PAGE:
• Vivaldi – If you go through my old browser posts you’ll see that there was a chunk of time where I really loved Opera and ran it as my main browser on Windows. Vivaldi is the spiritual successor to Opera after the company went from being Scandinavian-owned to Chinese-owned. A bunch of the hackers went off to start Vivaldi. This, like Brave, is another Chromium-based browser. But they bring Opera-level customization and features to the browser to transform it into something unrecognizable for sharing the same code under the hood as Chrome. Of course, this makes it similar to qutebrowser in the sense that you really have to go all-in to truly comprehend and use all the features. (Just go to that front page and scroll through the features. As of today there are 15 features touted on the home page) This is why, like the original Opera, those who love Vivaldi LOVE Vivaldi. Once you get to that level, it’s hard going back to a plain browser. I’ve played with it a little, but haven’t really given it a proper spin. (Partially because when I first installed it onto Fedora it was still in Beta). I could see this possibly becoming my daily driver on Windows and maybe on Linux.
  • Microsoft Edge?!? – obviously this would just be on Windows. As you can see in the below image, no Edge for Linux. (yet?) So, since Firefox I never liked any iteration of Internet Explorer even as they tried and tried to make it not be so crufty. When they first introduced Edge, I tried it a couple times because it was the default on a computer. I didn’t care for it. But now it’s based on Chromium AND it seems to be getting rave reviews online. Could that be paid content? Perhaps. Nothing surprises me on the web anymore. But perhaps it’s worth checking out…

So, there we go, a trio of browsers I’m interested in and why I believe the browser space is getting to be a lot of fun even if we’re mostly down to either a Chromium or a Firefox (is their engine still Gecko? Or would I call the Chromium equivalent Aurora?) backend. (Note: qutebrowser uses QtWebEngine – not sure if that shares any DNA with Chromium) In some ways, browsers have become like Linux distros. They’ve all got the same underlying packages – gcc, KDE, etc – but what they bring to the table is the UI and how polished the final product is. It’s not a perfect metaphor because Google controls both the package equivalent (Chromium) and the distro equivalent (Chrome), but there’s still room for improvement without the stagnation we saw when Internet Explorer had a 90% market share. (At least not yet. We’ll see what happens with Google if Brave, Ungoogled Chrome, and other potentially revenue-sapping browsers catch on)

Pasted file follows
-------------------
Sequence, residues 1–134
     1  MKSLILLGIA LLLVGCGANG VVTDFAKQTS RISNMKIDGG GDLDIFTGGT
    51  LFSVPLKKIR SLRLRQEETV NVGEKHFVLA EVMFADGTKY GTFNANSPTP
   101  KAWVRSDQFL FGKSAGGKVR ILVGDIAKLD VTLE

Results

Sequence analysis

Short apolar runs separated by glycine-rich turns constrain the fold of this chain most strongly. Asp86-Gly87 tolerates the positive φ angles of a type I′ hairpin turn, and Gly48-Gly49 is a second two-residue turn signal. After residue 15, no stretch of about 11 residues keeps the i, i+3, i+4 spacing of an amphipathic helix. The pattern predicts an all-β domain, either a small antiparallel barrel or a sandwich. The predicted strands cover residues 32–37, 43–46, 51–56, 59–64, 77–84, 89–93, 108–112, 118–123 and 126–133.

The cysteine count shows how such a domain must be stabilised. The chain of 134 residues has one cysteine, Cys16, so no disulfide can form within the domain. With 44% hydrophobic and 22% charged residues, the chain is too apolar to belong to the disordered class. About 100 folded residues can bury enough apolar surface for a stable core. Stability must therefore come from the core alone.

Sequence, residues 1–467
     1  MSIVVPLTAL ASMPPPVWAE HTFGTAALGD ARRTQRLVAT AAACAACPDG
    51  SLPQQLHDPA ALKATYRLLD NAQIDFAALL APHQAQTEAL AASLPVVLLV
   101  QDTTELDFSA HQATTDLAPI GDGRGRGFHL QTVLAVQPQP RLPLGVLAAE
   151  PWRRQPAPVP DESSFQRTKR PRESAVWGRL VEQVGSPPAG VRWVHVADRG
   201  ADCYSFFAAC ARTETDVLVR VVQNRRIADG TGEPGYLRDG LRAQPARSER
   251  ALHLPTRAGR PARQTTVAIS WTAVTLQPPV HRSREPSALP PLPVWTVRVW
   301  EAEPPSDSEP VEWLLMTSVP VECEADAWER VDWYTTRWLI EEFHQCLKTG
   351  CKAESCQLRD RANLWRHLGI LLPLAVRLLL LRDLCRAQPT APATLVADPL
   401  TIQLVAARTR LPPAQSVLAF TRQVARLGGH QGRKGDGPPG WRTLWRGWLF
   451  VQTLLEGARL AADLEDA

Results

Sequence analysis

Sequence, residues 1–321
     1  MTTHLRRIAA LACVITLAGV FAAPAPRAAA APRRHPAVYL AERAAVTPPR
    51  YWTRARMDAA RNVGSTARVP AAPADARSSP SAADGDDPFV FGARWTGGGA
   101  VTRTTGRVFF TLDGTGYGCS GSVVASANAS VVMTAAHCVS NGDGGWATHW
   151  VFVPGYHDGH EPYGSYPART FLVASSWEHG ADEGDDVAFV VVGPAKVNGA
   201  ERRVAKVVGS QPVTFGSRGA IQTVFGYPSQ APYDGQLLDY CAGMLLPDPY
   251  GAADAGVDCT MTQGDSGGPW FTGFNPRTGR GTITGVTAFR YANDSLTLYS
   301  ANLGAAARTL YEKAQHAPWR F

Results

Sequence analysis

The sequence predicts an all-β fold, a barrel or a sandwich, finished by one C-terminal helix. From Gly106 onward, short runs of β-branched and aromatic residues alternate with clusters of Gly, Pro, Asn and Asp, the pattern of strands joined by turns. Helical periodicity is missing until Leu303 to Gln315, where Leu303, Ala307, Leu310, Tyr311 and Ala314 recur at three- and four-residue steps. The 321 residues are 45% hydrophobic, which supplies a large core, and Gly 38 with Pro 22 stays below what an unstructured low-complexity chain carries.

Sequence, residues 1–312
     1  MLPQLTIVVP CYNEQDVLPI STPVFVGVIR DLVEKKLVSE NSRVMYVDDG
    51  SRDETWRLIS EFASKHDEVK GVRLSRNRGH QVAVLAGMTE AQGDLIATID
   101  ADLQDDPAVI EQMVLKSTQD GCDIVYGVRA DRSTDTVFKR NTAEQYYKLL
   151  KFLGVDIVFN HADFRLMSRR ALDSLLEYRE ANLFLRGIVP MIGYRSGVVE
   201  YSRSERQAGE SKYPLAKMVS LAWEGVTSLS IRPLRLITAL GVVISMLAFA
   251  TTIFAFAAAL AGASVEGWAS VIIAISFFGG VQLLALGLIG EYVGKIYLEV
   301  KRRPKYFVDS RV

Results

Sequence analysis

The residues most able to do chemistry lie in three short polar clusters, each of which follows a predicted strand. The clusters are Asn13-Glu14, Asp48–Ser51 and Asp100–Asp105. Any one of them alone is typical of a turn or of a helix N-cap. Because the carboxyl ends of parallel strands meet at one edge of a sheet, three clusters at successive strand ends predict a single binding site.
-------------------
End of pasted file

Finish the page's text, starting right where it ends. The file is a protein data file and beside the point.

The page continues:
On Windows I could easily see myself ending up on Brave. I’m already using Chrome, so why not a Chrome that’s less tracking? Also, my browser on Windows is of minimal importance these days since my Windows computer is just my video game machine / video game streaming machine. 99% of my Windows web browsing is to Youtube to upload my “Let’s Play” videos. Or maybe I could once again go the Opera-route and do Vivaldi. Maybe even the unthinkable (for 10 years-ago-Eric) and go back to Microsoft with Edge.

On Linux I’m probably more likely to stay with Firefox. But I could maybe see myself being tempted by qutebrowser or Vivaldi. Brave is a distant possibility, but maybe it will convince me.